By Aishwarya Sivaramakrishnan

Gender inequality has become a hot topic in recent years. Questions about the pay gap and the reason for the greater number of men at the managerial level have been points of contention and controversy. Similarly, questions have arisen about the percentage of men and women in the fields of Science Technology Engineering and Mathematics (STEM). Is there a difference in the number of men and women in STEM?  And if there is, what is the cause of this inequality and what can be done to alleviate it?

In the US, women outnumber men in earning a bachelor’s degree in STEM, according to the National Center for Educational Statistics (NCES). At first look, this seems promising but further statistical data reveals that though more earn their bachelor’s in STEM, the percentage of women working as researchers is much smaller. When looking at other factors such as promotion rates, level of higher education and salary, equalizing for education level, years of service etc, the number of men still heavily outweighs women.

The statistics reported by the National Girls Collaborative Project, a leading  project tracking women in science in the US, reveals that in 2015, women made up 50% of STEM bachelor’s graduates. Overall, they seemed to be doing well. A closer look however reveals that the disparity is in the details. Half the graduates in the biological sciences were women but only 43% of women entered mathematics. Only 18% studied computer science, and only 39% studied the physical sciences. It seems that some STEM fields have a greater gender difference than others. Though about half the graduates of STEM were women, only 28% of the STEM field consists of female researchers. This is on par with the global average where, according to the UNESCO Institute for Statistics, less than 30% of researchers employed in STEM are women.   

A study in 2018 conducted by the University of Missouri in the US sought to understand the reason for this inequality globally. It revealed that in countries exhibiting high gender equality, men tended to dominate STEM. On the other hand, countries with low gender equality, STEM is dominated by women. The study used the World Economic Forum’s Global Gender Gap Index (GGGI) to rank how gender-equal a country was and compared this with UNESCO’s yearly data on the number of STEM graduates. GGGI considers factors such as salaries, seats in legislation and life expectancy.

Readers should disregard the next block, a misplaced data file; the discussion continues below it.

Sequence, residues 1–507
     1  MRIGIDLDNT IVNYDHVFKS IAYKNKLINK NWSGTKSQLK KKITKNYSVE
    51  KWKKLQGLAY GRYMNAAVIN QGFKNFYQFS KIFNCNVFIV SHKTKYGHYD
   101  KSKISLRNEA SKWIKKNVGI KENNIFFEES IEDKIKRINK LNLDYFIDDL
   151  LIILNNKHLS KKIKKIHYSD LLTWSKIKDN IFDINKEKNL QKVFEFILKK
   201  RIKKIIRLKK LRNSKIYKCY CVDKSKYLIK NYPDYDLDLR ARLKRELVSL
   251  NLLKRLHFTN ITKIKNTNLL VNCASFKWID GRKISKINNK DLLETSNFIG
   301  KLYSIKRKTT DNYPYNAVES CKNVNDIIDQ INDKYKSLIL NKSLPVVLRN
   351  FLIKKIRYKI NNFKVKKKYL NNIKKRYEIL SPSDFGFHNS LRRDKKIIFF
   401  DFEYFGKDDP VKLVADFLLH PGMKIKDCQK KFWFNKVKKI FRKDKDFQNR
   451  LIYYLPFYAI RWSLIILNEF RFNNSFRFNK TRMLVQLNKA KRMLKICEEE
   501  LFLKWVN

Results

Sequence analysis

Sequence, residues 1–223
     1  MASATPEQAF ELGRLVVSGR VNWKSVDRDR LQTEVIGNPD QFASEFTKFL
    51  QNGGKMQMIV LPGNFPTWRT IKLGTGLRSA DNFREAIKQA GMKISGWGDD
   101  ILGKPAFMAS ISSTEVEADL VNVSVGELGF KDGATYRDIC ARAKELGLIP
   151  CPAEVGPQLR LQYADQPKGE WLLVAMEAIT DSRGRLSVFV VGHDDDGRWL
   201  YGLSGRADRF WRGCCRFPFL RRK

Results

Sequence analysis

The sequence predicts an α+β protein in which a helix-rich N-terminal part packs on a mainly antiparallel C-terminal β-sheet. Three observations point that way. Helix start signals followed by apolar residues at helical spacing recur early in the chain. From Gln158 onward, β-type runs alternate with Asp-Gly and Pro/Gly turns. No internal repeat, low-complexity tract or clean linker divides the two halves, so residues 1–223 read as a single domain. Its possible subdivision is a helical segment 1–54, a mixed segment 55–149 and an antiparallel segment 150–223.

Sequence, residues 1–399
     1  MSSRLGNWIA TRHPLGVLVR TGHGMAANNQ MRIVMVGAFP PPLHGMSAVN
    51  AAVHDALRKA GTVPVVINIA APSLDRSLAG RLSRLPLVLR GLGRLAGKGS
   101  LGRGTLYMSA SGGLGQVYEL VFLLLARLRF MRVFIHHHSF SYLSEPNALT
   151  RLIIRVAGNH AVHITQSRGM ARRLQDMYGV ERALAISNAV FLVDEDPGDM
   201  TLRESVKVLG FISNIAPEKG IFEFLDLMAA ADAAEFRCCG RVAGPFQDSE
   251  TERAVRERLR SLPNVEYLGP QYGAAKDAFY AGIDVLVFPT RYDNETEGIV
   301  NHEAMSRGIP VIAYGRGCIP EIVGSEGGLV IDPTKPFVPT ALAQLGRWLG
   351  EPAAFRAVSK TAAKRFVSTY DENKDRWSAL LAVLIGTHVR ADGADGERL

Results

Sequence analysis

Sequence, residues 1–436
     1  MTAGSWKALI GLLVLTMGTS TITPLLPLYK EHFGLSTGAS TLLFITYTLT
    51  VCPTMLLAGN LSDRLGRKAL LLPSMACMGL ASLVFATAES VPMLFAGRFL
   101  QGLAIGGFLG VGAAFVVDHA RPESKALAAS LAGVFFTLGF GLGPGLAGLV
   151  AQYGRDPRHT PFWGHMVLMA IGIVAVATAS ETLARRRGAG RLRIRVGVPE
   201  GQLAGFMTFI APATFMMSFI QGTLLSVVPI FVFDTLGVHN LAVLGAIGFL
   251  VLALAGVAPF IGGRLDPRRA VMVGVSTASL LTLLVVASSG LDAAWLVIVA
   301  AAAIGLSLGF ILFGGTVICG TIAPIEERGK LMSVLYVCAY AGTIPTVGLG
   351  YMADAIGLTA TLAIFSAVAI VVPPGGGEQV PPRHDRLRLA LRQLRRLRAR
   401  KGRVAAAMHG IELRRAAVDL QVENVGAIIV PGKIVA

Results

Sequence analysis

They found that though girls had a propensity to do better on science literacy tests, the number of women graduating with STEM majors globally was not proportionate to that. What happens in this gap? Why aren’t women pursuing STEM despite their ability to compete at the same level as men? Is it because of interests or societal factors? The paradox has never been clearer than in the situation between a GGGI leader like Finland. The country is ranked 2nd in the GGGI and dominates in gender-equality. Surprisingly, it has one of the highest gender gaps in terms of the percentage of women employed in STEM. On the other hand, countries much lower on the scale such as the UAE United Arab Emirates (124th), Tunisia (126th) and Turkey (130th), have some of the highest percentages.

The researchers reasoned that this remarkable paradox is because STEM jobs tend to pay better and provide a greater chance for economic independence than other fields. This seems to be more valuable to women in countries which don’t empower them. On the other hand, countries with high gender equality, like Scandinavian countries, which also tend to be welfare states, encourage their students to pursue fields of their interest. There is a lesser risk in not choosing a high-paying field like STEM in countries ranked higher on the GGGI.

The Missouri study also showed that on average, girls have higher reading levels and interest in reading than boys. They believe that this is why in gender-equal societies, with an absence of economic pressure, girls tend to enter the social sciences rather than STEM. The USA ranks 45th on the GGGI so while it is not the most gender equal country, it is certainly not at the bottom of the barrel either. Is this the reason for the disparity in STEM in the US? Is it because women are not interested in entering certain fields when they don’t have financial pressure to do so? Or are there other factors to consider such as a hostile work environment?